A Wishlist for Blizzconline

Today, Blizzard officially announced more details about something they had previously hinted at – in cancelling Blizzcon 2020 in person, we instead get Blizzconline (HATE this wordplay) 2021,on February 19th and 20th 2021.

Now, I’m of two minds on this announcement. Having a place to make announcements is good, and 2020 would have likely been a dull year for announcements had the con gone ahead in October as it originally seemed to be headed for. Overwatch 2 remains in development, the most likely weekend the event would have happened would have been launch week for Shadowlands, Diablo IV was very early last year, Heroes of the Storm and Starcraft II are functionally on maintenance mode, and that would have left news from…Diablo Immortal and Hearthstone? The biggest announcement I would have expected, given the datamining finding color variants of the Netherwhelp pet from Burning Crusade CE, would be WoW Classic: The Burning Crusade. So, given that, waiting a little bit should mean solid timing for a 9.1 reveal/release date for WoW, the TBC Classic reveal I somewhat expect, Diablo Immortal and Hearthstone things, and a series of small functional updates for the other games.

On the other hand, Blizzcon is, for me, about going in person and meeting people, seeing things live, and enjoying time spent in company – things that simply aren’t possible in the current environment and won’t be until the US gets an actual plan for containing things in place. An online show isn’t going to fill that void, and while online convention experiences in gaming have done very well (being able to download and play demos at home is a HUGE plus), there is a core experiential flaw in the proceedings – it just never can feel the same. It has less of the gravitas, instead feeling like distance learning or a conference call, and it generally is less exciting. If it were a WoW expansion year, I cannot imagine seeing the WoW team present on camera with no cuts or focus breaks – it would be pretty bad!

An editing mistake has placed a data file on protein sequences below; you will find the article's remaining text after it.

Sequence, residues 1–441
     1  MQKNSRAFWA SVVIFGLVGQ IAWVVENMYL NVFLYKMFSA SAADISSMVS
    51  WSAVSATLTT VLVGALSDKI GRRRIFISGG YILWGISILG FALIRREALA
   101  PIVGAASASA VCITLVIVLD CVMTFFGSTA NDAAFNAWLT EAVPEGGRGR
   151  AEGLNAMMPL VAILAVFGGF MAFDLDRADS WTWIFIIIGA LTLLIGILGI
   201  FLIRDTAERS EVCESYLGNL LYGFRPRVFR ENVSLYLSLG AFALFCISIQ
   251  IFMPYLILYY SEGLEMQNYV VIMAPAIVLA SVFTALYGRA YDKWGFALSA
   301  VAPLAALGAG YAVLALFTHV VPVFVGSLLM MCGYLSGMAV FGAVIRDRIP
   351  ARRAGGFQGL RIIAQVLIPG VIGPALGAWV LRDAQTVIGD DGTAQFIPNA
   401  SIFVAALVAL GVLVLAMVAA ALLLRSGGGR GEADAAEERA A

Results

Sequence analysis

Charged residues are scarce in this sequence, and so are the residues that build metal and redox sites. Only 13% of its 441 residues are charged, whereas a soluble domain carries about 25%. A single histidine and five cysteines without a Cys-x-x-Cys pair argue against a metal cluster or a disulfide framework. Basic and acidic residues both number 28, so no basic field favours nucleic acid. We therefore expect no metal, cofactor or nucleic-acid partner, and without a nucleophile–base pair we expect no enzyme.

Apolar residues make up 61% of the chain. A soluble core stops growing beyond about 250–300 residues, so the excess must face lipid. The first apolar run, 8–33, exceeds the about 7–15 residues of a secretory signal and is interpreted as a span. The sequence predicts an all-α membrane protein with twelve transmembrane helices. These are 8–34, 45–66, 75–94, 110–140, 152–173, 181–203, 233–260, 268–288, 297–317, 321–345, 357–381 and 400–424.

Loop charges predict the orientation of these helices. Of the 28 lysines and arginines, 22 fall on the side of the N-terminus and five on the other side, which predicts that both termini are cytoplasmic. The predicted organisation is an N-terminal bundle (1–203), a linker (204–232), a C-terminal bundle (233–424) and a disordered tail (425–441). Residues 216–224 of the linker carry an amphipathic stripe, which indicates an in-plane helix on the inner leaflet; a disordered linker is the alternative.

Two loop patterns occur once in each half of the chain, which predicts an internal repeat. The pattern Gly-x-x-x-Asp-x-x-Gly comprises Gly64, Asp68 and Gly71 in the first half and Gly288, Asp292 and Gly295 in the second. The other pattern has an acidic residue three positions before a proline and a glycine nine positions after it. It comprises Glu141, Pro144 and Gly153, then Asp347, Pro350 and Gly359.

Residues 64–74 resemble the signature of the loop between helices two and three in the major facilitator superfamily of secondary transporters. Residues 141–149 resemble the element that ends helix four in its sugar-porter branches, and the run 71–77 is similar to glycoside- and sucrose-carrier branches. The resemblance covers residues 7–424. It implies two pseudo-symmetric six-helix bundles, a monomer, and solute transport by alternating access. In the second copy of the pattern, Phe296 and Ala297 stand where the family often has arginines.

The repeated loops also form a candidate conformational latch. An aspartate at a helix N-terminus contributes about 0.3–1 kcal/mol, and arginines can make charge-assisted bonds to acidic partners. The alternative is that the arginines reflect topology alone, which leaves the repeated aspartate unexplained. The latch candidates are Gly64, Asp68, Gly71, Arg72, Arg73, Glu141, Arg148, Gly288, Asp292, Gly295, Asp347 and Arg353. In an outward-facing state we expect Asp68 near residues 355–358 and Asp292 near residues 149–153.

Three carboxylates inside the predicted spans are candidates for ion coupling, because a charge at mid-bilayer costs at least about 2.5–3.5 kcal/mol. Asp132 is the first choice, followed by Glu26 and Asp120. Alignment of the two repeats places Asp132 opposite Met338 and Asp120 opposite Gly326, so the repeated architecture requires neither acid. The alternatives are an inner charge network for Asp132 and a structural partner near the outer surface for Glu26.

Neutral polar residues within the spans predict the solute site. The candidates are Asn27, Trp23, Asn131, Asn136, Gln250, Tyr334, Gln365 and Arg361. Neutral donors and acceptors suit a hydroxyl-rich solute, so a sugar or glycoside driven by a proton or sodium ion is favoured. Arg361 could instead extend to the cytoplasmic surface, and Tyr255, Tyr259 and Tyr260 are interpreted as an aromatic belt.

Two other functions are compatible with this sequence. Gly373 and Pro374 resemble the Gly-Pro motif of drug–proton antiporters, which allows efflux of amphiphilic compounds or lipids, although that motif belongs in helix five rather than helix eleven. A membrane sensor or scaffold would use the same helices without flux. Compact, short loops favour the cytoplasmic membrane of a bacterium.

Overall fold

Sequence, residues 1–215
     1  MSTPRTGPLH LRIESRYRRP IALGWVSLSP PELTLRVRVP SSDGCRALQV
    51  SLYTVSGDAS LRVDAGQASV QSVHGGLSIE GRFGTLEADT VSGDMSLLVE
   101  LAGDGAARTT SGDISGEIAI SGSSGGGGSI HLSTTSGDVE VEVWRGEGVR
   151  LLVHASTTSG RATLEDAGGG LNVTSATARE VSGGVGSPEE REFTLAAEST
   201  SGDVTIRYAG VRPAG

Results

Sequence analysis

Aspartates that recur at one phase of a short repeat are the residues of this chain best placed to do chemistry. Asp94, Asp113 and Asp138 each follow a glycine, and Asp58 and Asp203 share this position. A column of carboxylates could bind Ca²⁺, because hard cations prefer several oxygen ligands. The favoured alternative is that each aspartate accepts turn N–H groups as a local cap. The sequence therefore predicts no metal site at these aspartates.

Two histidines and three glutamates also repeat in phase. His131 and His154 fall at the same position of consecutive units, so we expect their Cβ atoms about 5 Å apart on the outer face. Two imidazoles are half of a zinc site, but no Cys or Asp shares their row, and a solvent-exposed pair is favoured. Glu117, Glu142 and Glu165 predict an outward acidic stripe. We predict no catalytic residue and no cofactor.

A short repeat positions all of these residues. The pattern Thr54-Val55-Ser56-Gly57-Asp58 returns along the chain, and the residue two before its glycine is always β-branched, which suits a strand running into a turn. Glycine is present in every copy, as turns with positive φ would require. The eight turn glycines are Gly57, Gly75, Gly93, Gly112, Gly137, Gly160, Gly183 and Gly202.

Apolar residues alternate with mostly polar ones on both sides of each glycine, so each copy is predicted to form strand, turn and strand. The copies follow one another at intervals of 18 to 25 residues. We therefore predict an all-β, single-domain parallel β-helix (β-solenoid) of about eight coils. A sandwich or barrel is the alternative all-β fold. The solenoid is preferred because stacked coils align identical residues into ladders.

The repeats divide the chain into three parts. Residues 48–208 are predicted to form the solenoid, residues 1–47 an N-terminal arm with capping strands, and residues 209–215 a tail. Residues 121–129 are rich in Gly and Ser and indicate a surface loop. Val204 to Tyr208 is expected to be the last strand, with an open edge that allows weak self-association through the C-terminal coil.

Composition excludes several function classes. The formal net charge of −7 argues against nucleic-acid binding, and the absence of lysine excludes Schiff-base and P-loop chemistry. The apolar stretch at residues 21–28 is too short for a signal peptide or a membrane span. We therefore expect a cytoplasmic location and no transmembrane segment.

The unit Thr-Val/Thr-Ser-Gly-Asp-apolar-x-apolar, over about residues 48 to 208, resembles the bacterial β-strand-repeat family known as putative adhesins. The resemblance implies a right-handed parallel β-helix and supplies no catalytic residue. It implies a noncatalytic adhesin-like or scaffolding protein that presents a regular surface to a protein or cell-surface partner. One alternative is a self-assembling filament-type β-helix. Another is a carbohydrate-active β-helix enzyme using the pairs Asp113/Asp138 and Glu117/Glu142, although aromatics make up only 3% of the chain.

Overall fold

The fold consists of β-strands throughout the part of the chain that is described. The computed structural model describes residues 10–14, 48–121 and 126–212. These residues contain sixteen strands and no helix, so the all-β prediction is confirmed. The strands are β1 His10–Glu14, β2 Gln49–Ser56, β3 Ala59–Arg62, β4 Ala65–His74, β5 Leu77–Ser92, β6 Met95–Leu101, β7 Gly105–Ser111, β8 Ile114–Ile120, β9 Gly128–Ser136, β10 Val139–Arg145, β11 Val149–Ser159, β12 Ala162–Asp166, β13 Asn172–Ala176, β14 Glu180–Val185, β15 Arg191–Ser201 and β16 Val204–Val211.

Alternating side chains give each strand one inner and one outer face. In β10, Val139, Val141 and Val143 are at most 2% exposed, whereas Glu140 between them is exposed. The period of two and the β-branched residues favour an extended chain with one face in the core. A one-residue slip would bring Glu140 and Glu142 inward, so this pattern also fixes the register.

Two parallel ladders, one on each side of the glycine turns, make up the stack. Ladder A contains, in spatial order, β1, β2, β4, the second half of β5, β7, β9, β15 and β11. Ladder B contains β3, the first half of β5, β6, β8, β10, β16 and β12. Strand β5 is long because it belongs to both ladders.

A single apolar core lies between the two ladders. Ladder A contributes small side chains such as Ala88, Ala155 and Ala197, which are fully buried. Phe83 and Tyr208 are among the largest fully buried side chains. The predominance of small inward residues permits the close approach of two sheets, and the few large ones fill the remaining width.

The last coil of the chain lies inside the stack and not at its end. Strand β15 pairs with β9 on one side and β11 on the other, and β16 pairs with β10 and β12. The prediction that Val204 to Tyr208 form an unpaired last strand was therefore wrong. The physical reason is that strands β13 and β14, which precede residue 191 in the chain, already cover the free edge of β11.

However, ultimately, I think that Blizzard trying to maintain something to fill that void is a net positive. The announcement makes it clear that the community talent contest will remain in some form and seems to be getting the most planning focus, which makes logical sense – it is the event you can most easily replicate in a remote setting for the audience and puts the content burden onto the community. However, other details remain incredibly sparse, and so I have some fears over what may come and some hopes for what we’ll see!

Please Don’t Charge, Blizzard (They’re Probably Going To Charge): When they first announced this today, I immediately went looking for pricing data. There isn’t any…yet. My suspicion is that they will, 100%, charge an access fee to watch this online. Now, in a year with an actual Blizzcon, this makes sense – rent on the physical venue, setting up the broadcast, stage managers, equipment, extra hosts and talent, a concert (or 3) – all of these things carry an associated cost. Now, I am obviously not privy to Blizzard financial data, so I can’t say for sure, but my hunch is that Blizzcon is a profitable show in its own right even without the absolute avalanche of merch sales that happen every year, and I would assume that even in a virtual setting, we’ll still get planned “con” merch and reveal merchandise, along with existing goods being gathered into a convention store online we can buy. What Blizzard won’t have, in all likelihood, is most of the costs of running the show. They have livestreaming facilities on-site in their office, meaning no site rental fees, no equipment rentals, stage setup, load in, tear down, or load out, no need for expensive broadcast equipment and satellite trucks, and while I expect the normal Blizzard-affiliated hosts will be present to throw between virtual panels, the time commitment would be far less as they do not need to be physically present for a full broadcast day or available to manage the logistics of the stream while panels run over or start late, and other things of that nature. In fact, you can pre-record most of, if not all of, the content presented.